Descent in the World of silence

 
Prestige issue 124, September 2003
 

Fascinating pictures. To get them, we had to disturb the world of silence and make no less than twenty dives… by 60 meters deep! Strong running water, poor visibility, all must be taken into account. Wreck diving requires hard training , a very specific technique, and the use of several gas mixtures.

Preparation for the visit of a wreck is also crucial. It lies off the coast of Tripoli. This is a ship of the Second World War. We previously investigated in our issue of August 2002. Descent in the bowels of the mysterious wreck.

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© Prestige / Simon Nadim

 
The rudder profiles, yet functional. Encrusting thousands of tiny shells.
 
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 © Prestige / Simon Nadim

What is this circular object? A torpedo of which the primer is still visible in the center.

Twelve torpedoes, futile instruments of vain war, discovery of a sad irony in this crippled ship whose mission is still unknown, (assuming that it was a torpedo door) and the number of members of the crew who perished.

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© Prestige / Simon Nadim

Extremely fishy area,  coveted by fishermen, for it is an established fact, wrecks attract fish. On the right, from above, the tower chimney casts a passing glance on a bench of fish. It is said that fishermen ventured to the wreck in a primary equipment, and accidents frequently occurred.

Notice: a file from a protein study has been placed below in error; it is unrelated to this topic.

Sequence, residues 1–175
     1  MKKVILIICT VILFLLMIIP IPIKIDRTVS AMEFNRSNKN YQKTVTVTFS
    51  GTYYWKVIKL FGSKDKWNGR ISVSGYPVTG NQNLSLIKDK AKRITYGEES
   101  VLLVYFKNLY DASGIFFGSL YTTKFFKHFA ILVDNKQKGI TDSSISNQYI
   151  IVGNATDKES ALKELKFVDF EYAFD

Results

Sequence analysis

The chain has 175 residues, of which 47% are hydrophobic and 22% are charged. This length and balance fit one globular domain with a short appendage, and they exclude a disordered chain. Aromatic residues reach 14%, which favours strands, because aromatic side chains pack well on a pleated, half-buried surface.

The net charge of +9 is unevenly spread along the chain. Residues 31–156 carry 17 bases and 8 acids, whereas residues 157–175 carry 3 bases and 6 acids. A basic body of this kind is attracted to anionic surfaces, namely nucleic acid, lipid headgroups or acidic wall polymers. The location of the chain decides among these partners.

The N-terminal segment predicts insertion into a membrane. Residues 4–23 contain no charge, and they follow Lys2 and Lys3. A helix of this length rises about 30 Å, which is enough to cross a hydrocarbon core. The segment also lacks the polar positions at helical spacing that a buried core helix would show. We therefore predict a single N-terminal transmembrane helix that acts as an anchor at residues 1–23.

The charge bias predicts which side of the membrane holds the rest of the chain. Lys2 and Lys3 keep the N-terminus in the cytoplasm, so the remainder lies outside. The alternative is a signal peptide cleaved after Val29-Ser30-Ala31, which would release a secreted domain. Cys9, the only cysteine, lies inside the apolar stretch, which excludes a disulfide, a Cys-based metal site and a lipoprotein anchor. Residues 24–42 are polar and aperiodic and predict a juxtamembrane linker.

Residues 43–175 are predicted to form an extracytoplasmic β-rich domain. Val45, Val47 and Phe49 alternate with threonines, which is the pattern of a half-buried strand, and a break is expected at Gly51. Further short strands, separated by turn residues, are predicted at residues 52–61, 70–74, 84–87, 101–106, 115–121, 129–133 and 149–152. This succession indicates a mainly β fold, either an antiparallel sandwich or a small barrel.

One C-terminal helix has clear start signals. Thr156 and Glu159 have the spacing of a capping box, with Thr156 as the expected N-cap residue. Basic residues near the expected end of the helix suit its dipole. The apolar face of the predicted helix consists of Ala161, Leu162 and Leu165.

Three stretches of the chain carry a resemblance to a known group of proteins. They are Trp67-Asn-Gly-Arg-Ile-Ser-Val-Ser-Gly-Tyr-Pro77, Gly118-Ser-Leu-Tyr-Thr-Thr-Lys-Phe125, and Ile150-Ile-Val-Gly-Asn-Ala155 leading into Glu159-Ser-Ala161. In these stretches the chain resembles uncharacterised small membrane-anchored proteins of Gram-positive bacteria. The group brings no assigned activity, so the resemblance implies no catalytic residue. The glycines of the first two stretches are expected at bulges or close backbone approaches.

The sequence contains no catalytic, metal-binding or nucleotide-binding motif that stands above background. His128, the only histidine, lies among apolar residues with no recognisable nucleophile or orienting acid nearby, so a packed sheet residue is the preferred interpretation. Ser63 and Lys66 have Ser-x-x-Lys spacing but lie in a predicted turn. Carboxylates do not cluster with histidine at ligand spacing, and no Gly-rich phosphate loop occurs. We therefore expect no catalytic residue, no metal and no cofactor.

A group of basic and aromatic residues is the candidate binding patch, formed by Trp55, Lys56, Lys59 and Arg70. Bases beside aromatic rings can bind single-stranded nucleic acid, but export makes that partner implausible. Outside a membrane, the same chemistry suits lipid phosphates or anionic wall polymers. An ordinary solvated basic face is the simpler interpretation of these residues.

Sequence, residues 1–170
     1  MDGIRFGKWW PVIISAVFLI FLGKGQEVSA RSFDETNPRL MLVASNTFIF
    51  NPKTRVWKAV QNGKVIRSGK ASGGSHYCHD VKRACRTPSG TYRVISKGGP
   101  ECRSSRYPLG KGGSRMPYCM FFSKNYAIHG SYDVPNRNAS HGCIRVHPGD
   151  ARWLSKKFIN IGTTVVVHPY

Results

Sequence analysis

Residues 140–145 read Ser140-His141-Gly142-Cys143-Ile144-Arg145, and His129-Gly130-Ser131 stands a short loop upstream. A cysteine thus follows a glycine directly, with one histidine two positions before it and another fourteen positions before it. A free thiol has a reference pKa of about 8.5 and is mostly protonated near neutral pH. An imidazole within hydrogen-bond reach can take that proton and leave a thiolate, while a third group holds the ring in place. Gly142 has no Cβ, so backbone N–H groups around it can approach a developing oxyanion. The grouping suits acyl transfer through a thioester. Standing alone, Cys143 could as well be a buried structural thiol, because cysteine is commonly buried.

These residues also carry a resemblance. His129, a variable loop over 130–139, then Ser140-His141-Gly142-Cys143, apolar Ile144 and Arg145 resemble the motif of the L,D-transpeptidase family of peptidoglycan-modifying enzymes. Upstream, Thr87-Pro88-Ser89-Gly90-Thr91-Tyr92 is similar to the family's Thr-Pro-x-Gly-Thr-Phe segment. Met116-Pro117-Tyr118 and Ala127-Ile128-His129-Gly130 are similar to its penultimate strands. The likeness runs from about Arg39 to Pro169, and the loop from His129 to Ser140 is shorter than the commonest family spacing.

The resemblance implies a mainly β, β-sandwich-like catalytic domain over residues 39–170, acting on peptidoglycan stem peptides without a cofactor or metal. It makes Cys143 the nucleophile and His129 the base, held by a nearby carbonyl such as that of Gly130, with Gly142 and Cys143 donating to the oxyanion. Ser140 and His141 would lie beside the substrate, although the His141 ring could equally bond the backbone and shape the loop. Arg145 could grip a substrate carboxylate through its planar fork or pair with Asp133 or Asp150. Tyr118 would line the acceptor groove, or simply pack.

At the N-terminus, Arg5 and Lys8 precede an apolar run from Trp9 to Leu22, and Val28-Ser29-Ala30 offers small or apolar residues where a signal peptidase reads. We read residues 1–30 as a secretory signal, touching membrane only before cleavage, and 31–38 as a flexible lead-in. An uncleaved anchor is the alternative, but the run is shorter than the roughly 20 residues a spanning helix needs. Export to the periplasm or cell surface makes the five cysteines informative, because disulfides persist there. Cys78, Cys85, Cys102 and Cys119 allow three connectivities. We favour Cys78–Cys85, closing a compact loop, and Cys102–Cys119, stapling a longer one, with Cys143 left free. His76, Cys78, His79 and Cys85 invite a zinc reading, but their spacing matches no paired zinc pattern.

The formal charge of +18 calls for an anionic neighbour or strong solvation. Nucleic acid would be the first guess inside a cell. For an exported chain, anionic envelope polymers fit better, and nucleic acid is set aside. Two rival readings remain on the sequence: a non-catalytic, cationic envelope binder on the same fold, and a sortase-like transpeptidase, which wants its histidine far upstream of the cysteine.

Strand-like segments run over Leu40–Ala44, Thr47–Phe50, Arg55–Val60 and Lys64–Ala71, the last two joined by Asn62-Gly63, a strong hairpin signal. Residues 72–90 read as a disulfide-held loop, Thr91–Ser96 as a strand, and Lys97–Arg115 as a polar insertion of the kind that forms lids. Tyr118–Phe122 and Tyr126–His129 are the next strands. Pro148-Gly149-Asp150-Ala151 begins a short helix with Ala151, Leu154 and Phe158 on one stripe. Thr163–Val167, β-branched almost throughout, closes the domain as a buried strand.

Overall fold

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© Prestige / Simon Nadim

Wheelhouse and dirty engines of this ship of 25 meters long whose construction was completed “in 1934 in Le Havre” indicates a plate.

The disemboweled bridge and the gap show that this vessel was probably sunk by an Allied aircraft bomb…or reached during a destructive fishing with dynamite. The mystery remains unsolved.

Emotions facing the fate of a once mighty flagship, in front of this page of the past, so close yet so far away.

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© Prestige / Simon Nadim

The anchor still hangs on the side of the ship, now motionless in the quietness of the bottom. A fishing net is held captive by the anchor…for daring to disturb the sleep of the wreck?

One goes up the chimney, and the ship goes gradually into the abyss…

Report and photos: Simon Nadim